We're a family o' 3, and our income is pretty average, but I'm still finding a lot of tips I can use. More than that, it's helping me rethink my relationship with money.
I'm of the belief that if you've got $40 in the bank, you've got $40 to spend. (My hardworking husband loves that about me...) When it comes to money, I don't think about the future. I live in the now. I've written before that I'm cheap. But that's mainly because I enjoy the thrill of finding a good deal--and getting a deal means there's money left over for more buying!
I'm not proud of this. My fiscal flagrancy prevents us from having a nice chunk o' savings for unanticipated expenses. We don't have credit cards by choice, so if something comes up and we don't have the money for it, we scramble around trying to find a solution.
And to be honest, I'm okay with that. That's life, says I. The future will take care of itself. And retirement? We all know that we can rely on the government for that, right? Right?!
It's been on my mind lately, but The Peaceful Mom's blog series is really bringing home the point that I need to make some changes. In my mindset, most of all.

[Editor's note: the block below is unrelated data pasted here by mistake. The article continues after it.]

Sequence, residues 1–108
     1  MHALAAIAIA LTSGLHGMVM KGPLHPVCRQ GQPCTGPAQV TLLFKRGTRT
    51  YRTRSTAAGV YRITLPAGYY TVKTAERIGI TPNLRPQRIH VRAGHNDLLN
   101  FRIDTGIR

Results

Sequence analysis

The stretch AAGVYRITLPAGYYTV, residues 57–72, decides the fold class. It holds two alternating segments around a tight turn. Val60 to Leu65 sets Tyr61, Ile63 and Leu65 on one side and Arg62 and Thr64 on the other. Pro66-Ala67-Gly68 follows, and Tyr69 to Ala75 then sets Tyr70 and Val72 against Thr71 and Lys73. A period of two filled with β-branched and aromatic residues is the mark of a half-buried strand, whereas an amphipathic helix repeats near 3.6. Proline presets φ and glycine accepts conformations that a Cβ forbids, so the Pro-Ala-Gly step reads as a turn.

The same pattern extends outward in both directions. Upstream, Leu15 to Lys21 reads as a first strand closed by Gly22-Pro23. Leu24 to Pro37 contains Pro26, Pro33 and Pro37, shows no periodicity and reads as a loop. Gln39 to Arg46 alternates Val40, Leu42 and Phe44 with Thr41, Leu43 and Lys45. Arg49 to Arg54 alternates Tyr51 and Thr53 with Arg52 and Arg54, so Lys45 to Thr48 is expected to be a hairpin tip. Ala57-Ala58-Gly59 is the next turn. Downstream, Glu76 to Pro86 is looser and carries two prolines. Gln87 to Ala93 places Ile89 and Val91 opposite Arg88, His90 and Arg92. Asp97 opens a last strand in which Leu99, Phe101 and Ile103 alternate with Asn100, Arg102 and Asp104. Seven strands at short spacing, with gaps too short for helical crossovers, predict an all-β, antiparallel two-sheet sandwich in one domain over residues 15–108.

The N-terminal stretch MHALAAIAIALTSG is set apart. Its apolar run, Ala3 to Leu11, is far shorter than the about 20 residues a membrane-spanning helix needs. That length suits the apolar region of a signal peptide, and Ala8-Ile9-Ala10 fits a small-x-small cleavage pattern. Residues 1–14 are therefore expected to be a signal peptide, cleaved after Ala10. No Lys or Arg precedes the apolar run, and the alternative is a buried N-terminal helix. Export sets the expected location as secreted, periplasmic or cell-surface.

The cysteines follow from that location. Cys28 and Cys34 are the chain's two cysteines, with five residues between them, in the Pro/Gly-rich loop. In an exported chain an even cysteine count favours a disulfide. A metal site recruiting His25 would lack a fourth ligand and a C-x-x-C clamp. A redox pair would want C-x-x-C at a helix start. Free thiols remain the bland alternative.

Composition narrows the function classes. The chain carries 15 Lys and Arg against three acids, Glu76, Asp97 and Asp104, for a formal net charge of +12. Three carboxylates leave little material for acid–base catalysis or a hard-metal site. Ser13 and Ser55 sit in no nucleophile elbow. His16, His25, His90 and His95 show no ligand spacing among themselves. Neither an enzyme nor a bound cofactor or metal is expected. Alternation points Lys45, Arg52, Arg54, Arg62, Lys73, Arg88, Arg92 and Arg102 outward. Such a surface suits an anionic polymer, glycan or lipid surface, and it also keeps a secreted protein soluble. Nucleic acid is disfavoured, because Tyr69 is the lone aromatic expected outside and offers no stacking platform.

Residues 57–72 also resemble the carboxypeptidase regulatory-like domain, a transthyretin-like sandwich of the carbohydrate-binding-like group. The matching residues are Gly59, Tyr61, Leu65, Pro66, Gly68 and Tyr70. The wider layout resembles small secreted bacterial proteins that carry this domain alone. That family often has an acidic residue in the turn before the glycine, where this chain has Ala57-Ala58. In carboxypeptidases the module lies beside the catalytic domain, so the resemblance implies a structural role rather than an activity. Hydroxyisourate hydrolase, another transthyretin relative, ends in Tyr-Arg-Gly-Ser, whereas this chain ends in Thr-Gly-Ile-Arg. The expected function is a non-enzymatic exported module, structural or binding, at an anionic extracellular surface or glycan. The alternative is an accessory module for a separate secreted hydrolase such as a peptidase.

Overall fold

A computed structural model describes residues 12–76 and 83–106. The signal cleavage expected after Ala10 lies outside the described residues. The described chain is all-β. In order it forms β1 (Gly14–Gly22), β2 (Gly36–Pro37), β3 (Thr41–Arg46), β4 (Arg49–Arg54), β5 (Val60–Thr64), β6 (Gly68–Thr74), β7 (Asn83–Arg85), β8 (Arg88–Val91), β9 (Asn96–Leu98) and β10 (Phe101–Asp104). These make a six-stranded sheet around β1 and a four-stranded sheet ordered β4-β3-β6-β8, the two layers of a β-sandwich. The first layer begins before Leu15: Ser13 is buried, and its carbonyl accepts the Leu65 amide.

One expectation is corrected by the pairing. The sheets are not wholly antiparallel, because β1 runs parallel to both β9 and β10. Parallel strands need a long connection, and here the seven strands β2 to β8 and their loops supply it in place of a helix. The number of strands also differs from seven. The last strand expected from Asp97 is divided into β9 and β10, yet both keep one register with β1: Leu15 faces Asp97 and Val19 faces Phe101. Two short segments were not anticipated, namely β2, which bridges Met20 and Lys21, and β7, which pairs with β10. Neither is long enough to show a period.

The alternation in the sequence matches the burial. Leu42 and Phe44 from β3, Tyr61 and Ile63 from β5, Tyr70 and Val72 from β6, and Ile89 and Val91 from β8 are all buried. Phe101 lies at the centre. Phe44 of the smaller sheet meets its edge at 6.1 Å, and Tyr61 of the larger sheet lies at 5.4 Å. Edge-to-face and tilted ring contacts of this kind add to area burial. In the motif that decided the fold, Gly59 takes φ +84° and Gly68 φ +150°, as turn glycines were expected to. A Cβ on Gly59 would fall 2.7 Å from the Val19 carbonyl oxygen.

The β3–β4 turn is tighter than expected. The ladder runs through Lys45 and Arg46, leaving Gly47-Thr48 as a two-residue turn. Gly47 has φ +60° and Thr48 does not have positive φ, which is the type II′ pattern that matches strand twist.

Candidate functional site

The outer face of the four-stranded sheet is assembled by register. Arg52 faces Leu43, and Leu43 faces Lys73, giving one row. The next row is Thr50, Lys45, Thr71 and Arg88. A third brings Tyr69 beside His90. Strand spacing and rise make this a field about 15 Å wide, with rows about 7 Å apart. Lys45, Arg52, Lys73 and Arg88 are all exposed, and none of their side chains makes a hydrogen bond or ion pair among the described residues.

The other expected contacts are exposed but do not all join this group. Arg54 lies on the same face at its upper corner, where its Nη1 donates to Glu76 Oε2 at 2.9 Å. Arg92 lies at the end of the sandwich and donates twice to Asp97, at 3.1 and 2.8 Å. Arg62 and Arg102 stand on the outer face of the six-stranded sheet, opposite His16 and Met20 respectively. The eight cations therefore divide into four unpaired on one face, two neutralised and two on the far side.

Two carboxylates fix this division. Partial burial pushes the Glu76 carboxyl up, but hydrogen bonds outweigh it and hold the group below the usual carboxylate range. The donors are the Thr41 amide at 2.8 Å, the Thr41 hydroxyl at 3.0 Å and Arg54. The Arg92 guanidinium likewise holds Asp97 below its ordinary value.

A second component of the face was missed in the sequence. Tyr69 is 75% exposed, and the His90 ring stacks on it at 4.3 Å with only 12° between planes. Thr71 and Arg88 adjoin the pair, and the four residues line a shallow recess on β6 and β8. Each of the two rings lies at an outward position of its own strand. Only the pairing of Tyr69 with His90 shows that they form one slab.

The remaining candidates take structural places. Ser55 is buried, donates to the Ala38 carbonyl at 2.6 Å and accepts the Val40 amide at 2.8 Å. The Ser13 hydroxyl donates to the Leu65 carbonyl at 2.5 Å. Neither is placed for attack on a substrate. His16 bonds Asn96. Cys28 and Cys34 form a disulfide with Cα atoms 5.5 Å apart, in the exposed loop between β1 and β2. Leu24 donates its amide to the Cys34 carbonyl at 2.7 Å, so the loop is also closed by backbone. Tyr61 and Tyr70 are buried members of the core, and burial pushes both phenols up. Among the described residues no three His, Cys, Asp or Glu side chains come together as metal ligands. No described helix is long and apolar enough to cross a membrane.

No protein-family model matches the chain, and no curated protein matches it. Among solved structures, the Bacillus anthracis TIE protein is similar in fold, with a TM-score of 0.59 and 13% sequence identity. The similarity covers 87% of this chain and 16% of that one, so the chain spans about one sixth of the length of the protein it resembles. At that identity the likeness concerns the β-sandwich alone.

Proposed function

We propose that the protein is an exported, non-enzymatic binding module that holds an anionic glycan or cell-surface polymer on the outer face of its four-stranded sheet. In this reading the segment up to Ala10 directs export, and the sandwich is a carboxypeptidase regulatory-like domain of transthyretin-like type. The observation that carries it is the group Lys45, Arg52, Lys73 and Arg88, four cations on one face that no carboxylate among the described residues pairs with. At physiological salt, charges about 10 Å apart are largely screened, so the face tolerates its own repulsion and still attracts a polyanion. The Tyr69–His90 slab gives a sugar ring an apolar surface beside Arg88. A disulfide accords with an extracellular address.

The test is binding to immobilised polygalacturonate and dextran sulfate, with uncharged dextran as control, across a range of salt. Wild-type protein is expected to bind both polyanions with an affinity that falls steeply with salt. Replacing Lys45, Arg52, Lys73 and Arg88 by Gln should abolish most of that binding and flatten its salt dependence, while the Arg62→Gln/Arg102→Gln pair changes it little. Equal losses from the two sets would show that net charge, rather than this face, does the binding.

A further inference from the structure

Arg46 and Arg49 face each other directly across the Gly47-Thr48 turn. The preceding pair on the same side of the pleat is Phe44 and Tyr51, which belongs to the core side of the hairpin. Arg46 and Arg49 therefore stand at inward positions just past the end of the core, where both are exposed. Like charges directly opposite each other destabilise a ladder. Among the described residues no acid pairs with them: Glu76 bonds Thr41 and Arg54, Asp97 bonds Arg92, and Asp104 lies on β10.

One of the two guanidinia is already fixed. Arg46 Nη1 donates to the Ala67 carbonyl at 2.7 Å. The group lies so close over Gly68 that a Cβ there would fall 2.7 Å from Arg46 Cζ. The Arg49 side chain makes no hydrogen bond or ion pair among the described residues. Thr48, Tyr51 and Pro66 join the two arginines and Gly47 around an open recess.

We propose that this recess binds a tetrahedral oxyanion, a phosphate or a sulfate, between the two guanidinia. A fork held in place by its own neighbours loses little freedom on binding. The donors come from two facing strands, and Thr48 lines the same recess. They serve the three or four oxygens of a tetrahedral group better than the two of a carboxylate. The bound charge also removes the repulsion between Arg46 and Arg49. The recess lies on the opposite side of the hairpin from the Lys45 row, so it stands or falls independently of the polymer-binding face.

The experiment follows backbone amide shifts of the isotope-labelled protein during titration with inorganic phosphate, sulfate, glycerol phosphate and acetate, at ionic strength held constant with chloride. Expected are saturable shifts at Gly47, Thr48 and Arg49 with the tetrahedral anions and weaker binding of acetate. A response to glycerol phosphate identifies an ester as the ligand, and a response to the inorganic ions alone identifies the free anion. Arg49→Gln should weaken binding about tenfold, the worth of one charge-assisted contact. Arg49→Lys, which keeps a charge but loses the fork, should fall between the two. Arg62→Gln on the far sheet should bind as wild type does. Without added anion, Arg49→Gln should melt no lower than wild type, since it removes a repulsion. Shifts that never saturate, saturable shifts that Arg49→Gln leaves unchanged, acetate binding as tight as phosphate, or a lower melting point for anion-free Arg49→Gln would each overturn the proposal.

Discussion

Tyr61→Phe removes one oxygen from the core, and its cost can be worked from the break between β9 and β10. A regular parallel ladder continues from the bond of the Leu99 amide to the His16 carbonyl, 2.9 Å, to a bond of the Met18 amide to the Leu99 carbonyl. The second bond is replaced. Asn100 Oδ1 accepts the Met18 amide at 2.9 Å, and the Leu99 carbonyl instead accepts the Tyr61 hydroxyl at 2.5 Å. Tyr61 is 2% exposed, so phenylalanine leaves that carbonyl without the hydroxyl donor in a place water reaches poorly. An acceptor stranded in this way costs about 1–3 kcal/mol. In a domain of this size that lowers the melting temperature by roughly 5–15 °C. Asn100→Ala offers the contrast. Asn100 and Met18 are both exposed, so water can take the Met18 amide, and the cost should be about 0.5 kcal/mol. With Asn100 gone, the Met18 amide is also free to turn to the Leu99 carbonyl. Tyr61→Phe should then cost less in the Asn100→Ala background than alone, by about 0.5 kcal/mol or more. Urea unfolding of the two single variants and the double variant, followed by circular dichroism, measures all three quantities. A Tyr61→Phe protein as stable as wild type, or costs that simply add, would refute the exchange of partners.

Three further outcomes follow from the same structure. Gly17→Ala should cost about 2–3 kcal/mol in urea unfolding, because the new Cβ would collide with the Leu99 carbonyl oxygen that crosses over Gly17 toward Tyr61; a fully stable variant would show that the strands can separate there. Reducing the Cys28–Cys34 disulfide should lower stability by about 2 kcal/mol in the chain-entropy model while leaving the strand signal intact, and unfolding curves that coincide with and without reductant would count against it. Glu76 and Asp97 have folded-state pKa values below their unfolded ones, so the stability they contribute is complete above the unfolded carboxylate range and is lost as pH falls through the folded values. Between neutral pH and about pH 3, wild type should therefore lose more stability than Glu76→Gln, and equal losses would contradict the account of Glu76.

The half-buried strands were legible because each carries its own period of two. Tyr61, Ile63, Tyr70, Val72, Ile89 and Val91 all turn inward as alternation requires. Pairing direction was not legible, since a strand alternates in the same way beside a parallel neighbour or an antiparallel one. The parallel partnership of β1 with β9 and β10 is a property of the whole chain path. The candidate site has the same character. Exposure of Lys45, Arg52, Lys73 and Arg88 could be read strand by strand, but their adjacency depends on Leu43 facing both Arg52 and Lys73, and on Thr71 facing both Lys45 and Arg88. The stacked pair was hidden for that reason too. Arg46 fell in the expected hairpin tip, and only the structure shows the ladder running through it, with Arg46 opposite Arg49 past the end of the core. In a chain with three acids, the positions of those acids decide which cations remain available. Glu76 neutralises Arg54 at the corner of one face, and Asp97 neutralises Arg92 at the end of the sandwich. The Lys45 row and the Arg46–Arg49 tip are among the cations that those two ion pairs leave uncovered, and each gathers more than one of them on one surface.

I already do some of the money-saving tips in the series. I have a realistic budget. I grocery shop on the same day each week. I plan our weekly menu based on what's on sale that week. I "price match" other stores' sales at Walmart. I use coupons when I find them. I buy generic when the quality is comparable. I do highlights at home, and I forgo other salon services. I buy most of our clothes at consignment stores. I cook and bake from scratch most of the time. I do Netflix instead of cable or movies out. I do the library instead of the bookstore. I drink coffee from home (or even better, I bum it off of Shrinky Dink).
But if I've got $40, that moolah is getting spent, y'all. I don't put the money I "save" into savings. I use it for going out to eat. Or for some new makeup that will probably fossilize in my makeup bag before I use it 5 times. Or for something fun to do for Nature Boy and a friend.
I am not a saver.
And I know that's not fair to Tree Guy. He works full time as a forester with the electric company, and he has a side job as a landscaper. He's working two jobs! I do a lot to get more for our money, but what is that worth when I don't actually save the surplus?
The Peaceful Mom recommends adding up all the non-monthly expenses that come up during the year (car maintenance, vaccinations and exams for the dogs, Christmas and birthday gifts, clothing and shoes, etc.) and dividing that number by 12 months. She suggests that families put that amount into a separate checking account each month, so the money is available when those expenses come up. The goal is to "pay" the non-monthly expenses account just like any other bill. That way saving isn't an afterthought. It's budgeted in.
It's a great idea. It's not exactly saving for retirement, but it's a huge step in the right direction.
What's your money style? Do you have a savings system?